Bitcoin is, among many things, a software system with many participants running Bitcoin software and who all connect to each other over the internet forming a Bitcoin network. It's a live system yet the software that runs it is continuously under development. This is what the Bitcoin Core dev team does, and sometimes they allow other people to participate in development like an open source project. There are other developers who also develop other Bitcoin code which fulfills the same purposes. Then all of the various Bitcoin nodes run a version of the software.
Of course, any online software needs a safe place to run in development and be tested. For Bitcoin, this is called Testnet. Bitcoin's Testnet is an actual separate Bitcoin blockchain and all the nodes or miners which connect to or mine blocks for this blockchain. It's like if there was a backup copy of the Internet which had its own shadow websites and browsers which could browse them and the information on the shadow Internet was not the same as the real Internet.
To use Testnet as a consumer (i.e. to send or receive Bitcoin transactions) you need a wallet like with Bitcoin. But the wallet needs to support testnet. Assuming you don't want to download the testnet blockchain locally and use a heavy wallet, there are a few light wallets which support testnet.
- Copay.io has a multi-platform (including binaries for OS X) wallet which allows you to configure wallets for testnet. Just create a new (personal) wallet and in the advanced options enable the checkbox labeled Testnet. Then use it like you would a normal Bitcoin wallet, but with testnet addresses.
Note: Copay doesn't support signing messages (testnet or otherwise)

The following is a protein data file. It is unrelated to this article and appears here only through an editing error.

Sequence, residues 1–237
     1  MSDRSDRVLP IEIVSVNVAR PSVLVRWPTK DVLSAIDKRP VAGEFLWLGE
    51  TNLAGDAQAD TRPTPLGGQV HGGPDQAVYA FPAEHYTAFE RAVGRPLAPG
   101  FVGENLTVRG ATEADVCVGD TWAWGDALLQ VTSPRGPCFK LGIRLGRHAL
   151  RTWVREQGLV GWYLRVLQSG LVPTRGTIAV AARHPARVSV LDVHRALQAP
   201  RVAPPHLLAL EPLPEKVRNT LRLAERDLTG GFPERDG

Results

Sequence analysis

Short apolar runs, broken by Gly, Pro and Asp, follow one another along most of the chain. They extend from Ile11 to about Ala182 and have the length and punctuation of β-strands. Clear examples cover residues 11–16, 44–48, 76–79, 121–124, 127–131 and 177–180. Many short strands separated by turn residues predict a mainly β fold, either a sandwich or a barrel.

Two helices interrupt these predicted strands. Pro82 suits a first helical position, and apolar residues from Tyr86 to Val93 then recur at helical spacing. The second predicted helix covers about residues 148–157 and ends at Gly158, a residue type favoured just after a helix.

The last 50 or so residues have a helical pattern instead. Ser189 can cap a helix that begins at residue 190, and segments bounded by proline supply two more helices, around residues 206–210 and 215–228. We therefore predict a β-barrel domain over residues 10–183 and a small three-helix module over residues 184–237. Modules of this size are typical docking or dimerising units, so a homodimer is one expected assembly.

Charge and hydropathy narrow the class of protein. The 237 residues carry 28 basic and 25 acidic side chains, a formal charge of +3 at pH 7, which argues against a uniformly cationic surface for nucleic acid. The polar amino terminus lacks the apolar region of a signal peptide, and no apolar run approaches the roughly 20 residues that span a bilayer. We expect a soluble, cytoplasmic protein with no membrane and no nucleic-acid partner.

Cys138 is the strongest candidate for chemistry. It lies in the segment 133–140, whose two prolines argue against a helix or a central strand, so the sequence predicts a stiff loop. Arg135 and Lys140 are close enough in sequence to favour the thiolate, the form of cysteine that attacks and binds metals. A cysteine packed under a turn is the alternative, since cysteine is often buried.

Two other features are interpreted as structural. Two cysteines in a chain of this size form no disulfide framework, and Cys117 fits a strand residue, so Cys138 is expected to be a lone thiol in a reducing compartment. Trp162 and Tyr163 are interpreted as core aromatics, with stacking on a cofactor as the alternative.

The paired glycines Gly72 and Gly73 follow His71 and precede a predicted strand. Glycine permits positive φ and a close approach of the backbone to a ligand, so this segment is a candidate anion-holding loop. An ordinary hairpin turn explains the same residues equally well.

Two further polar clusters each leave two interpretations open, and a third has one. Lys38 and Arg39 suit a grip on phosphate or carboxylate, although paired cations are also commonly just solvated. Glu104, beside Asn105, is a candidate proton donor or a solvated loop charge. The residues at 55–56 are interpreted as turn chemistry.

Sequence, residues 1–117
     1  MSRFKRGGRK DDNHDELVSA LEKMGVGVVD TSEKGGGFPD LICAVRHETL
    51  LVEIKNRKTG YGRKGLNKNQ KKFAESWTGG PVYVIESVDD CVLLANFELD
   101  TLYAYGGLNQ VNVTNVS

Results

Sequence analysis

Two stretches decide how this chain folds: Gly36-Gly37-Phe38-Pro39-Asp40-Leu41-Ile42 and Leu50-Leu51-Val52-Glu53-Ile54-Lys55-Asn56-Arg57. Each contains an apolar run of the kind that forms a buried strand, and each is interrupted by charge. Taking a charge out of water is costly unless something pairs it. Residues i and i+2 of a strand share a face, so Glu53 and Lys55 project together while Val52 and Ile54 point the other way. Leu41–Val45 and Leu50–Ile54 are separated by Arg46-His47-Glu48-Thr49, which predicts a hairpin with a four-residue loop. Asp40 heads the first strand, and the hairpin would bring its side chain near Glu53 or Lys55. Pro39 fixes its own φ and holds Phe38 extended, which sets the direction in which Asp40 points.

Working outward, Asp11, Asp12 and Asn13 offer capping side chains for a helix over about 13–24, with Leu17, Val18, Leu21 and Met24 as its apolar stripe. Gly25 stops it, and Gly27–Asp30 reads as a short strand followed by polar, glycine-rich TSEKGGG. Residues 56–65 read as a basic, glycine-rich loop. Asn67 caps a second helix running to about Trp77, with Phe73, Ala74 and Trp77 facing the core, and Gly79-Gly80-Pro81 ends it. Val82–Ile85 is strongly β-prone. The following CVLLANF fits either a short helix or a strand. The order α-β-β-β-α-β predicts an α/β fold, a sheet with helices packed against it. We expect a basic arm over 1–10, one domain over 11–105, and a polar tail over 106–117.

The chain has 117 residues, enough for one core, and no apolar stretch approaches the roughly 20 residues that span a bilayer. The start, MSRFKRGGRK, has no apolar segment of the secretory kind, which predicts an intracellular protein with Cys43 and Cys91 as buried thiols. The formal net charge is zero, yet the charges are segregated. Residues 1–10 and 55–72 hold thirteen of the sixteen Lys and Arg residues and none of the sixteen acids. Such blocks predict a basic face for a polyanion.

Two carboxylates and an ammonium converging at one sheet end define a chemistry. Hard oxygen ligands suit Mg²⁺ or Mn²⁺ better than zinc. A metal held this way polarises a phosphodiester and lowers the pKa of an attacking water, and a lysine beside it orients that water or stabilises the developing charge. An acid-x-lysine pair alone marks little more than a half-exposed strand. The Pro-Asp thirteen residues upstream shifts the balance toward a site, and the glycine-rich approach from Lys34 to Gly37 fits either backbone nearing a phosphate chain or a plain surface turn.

- Electrum is another light wallet which connects to servers instead of using a local copy of the blockchain. To use Electrum with Testnet just run it with the
Note: You might find a working testnet Electrum server here: list Right now testnet.hsmiths.com:53012 using ssl is working.
Electrum does support signing messages. Unfortunately, currently all known testnet servers are down so you should try Copay unless you need message signing in which case you can sign messages with another piece of software using an exported copy of your Copay wallet (you could import into Electrum even).
- There was a website called TestnetWallet.com but it has been offline. It was basic, no support for message signing.
You could also try something like Bitcoin Signature Tool just to do the message signing.
- Mycelium is an Android Bitcoin wallet which has a Testnet version. This supports message signing. It's Android only and so, while convenient for transacting while outside, it's not as convenient as a desktop wallet for testing.
Once you have a testnet wallet, you need some coins. Obviously you don't want to waste real bitcoins on testing and they won't work anyways. So you need to either mine some testnet coins (in which case you didn't bother fussing with a light wallet) or get someone to send you some. You shouldn't have to actually buy testnet coins.
You can get free testnet coins from a testnet faucet. They often go down and run out of coins. This one works for now: https://testnet.manu.backend.hamburg/faucet
Just get a small amount of testnet coins (as in a fractional amount of a single testnet BTC) from a faucet and test with even smaller amounts and send some back to the faucet if you can.